If your LQ is above 30 you can learn how to teach an intelligent humanoid machine–one with and the ability to manipulate tools, even if it does not look like a person–how to carry out a rote procedure. You’re above the water line, but everyone with an LQ below 30 is now below the waterline.
IBM’s Watson has become better at diagnosing cancer than doctors, but Watson has not been programmed to diagnose cancer. Instead it’s been programmed to read, to analyze, and to organize a corpus of data about cancer, has had a chance to test its diagnostic skills using whatever algorithm it started with, then refine its algorithm based on its results.
Watson, itself has a high LQ maybe 50 –or 80. Whatever it is, it’s enough to learn do the job of a doctor better than most doctors. And that means it can put everyone with a lower LQ out of work.
If your LQ is above some number–let’s say 100, you might have a job– increasing the ability of Watson-class machines to learn faster and better, raising their effective LQ and making more and more people unemployable.
The flaw in this argument is that LQ is unidimensional and learning is not. For example, some people can learn math and logic, but they can’t learn social skills. So no matter how good computers get at mathematical/logical/structured learning, they won’t master social skills.
But computers are learning social skills as well. The job of being a personal assistant to a busy professional involves some logical, structured activity (checking a calendar for conflicts) and some social skills: carrying on an email conversation to negotiate a time and place for a meeting.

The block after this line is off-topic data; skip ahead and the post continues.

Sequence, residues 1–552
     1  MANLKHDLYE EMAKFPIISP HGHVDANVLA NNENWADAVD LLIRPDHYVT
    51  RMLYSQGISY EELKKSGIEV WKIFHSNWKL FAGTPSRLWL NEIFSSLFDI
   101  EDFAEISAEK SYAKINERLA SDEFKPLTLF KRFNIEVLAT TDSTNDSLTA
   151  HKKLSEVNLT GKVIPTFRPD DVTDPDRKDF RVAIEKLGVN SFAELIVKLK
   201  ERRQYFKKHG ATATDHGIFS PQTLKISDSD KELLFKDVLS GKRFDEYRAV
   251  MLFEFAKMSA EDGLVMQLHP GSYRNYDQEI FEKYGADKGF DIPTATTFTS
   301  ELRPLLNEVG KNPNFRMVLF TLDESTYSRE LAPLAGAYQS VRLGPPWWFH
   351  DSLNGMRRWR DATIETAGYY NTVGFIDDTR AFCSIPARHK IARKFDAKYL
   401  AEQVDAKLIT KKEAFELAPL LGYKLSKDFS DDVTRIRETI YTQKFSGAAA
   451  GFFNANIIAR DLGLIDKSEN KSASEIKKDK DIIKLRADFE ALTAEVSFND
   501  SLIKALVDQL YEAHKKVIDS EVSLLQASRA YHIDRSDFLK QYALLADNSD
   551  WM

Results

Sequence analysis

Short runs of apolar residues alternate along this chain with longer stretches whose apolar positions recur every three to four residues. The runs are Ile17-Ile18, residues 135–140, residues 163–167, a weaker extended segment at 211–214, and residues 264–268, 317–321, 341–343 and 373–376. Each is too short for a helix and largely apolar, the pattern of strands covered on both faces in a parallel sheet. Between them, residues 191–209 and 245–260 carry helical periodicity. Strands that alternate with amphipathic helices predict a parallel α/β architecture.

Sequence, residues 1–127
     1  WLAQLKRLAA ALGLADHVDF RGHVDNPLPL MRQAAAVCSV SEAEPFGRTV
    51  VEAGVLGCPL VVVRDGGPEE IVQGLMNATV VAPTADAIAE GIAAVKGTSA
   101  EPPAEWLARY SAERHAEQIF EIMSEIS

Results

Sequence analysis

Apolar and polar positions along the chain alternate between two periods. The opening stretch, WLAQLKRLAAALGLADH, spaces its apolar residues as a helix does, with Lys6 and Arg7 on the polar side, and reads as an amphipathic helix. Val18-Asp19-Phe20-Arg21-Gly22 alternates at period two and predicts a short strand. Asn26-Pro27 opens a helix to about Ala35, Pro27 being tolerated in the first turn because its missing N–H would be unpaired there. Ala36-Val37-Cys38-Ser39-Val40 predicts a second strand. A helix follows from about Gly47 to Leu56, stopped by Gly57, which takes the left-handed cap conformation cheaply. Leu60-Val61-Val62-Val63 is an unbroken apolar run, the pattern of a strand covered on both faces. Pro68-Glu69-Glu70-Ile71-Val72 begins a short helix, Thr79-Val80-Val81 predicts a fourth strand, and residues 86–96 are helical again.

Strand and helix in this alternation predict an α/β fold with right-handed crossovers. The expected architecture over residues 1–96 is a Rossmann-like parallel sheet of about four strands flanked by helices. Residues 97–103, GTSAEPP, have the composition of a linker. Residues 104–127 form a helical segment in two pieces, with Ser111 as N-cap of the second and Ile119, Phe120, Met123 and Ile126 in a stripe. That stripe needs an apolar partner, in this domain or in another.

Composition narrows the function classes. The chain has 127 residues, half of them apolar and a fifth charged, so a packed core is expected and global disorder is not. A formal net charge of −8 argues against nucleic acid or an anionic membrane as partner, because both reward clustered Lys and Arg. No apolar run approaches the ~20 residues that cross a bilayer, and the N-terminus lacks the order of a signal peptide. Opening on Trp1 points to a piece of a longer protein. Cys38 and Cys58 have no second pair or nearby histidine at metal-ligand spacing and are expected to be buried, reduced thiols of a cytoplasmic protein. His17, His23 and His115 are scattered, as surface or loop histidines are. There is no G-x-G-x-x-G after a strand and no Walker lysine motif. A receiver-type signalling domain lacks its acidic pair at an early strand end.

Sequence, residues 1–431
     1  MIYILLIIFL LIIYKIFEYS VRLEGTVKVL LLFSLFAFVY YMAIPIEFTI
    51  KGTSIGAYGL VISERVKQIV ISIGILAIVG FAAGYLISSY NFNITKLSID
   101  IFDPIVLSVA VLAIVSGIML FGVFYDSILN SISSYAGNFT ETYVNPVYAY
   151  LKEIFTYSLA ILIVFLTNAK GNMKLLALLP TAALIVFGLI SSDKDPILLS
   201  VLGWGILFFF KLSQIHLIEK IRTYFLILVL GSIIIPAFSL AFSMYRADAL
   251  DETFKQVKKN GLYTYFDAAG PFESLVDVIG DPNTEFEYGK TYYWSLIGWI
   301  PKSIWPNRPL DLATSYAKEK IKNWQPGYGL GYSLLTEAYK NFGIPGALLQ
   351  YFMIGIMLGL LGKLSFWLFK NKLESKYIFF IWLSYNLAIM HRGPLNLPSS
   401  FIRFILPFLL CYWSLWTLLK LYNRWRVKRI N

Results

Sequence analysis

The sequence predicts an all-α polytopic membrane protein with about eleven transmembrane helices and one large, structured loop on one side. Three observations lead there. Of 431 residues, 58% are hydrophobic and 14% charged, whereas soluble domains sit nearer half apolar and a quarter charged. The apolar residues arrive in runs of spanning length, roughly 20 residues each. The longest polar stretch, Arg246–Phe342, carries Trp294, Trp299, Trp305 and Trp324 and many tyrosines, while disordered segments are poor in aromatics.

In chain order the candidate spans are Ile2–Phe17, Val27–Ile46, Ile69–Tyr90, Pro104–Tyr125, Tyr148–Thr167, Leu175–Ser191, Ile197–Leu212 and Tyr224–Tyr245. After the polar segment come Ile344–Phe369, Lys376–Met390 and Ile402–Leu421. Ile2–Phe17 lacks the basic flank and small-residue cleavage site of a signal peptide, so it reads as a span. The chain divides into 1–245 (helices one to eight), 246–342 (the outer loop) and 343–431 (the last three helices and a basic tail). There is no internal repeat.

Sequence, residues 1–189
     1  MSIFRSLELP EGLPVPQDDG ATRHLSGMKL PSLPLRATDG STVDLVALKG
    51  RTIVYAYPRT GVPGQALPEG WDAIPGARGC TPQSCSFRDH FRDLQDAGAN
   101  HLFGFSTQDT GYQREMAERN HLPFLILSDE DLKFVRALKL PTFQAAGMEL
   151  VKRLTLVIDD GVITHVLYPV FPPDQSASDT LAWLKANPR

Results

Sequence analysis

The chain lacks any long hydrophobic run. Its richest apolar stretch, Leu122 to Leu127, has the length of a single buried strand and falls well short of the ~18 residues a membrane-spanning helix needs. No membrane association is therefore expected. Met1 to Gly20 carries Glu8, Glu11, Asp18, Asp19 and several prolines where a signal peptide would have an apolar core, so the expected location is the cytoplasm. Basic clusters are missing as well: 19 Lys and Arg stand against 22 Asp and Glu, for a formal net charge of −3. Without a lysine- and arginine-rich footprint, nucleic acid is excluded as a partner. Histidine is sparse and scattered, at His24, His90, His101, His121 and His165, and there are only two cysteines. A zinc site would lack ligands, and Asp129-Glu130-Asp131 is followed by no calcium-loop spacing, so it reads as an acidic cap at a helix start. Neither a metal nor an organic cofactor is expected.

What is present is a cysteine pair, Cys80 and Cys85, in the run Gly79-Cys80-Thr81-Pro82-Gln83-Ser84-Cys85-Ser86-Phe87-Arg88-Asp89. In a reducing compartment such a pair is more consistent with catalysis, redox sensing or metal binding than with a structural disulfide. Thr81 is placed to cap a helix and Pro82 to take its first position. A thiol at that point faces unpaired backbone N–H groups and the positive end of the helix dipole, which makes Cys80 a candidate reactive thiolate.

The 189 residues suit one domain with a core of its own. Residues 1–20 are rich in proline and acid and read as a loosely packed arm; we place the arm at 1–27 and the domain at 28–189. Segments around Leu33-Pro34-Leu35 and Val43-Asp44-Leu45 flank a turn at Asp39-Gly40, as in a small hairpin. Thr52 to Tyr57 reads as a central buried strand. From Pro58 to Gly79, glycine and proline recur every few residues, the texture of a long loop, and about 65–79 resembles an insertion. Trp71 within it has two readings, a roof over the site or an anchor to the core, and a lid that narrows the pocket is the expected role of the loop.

And here’s an intelligent machine that does that job, reviewed here. It’s a fairly skilled job, as the reviewer points out:
The average personal assistant is paid about $31,000 a year, while the average wage for the U.S. job market is roughly $5,000 less than that.
So he “hired” Clara, an AI from claralabs.com (the link is my referal link, so if you ask to get putting on the waiting list, I get credit, and get moved closer to the front of the waiting list for Clara. A pretty brilliant viral market scheme, probably created by a person, not an AI.)
The reviewer continued:
Over the course of the month, Clara did the unthinkable for a robot: she always passed for human. I’d CC Clara to set up an appointment, only to ask my contact later if they’d realized she was an AI. Not one person did from her speech
Warehouse employees are being replaced by intelligent machines that do the job, better and cheaper than humans. Truck and cab drivers will soon be replaced by intelligent devices that do the job better and cheaper than humans. Some doctors will be replace by intelligent devices that do the job better and cheaper than humans. Journalists are being replaced by intelligent devices that write run-of-the mill news stories better and cheaper than humans. Administrators are being replaced by intelligent devices that are better and cheaper than humans.
This is just the beginning.
This time it’s going to be different.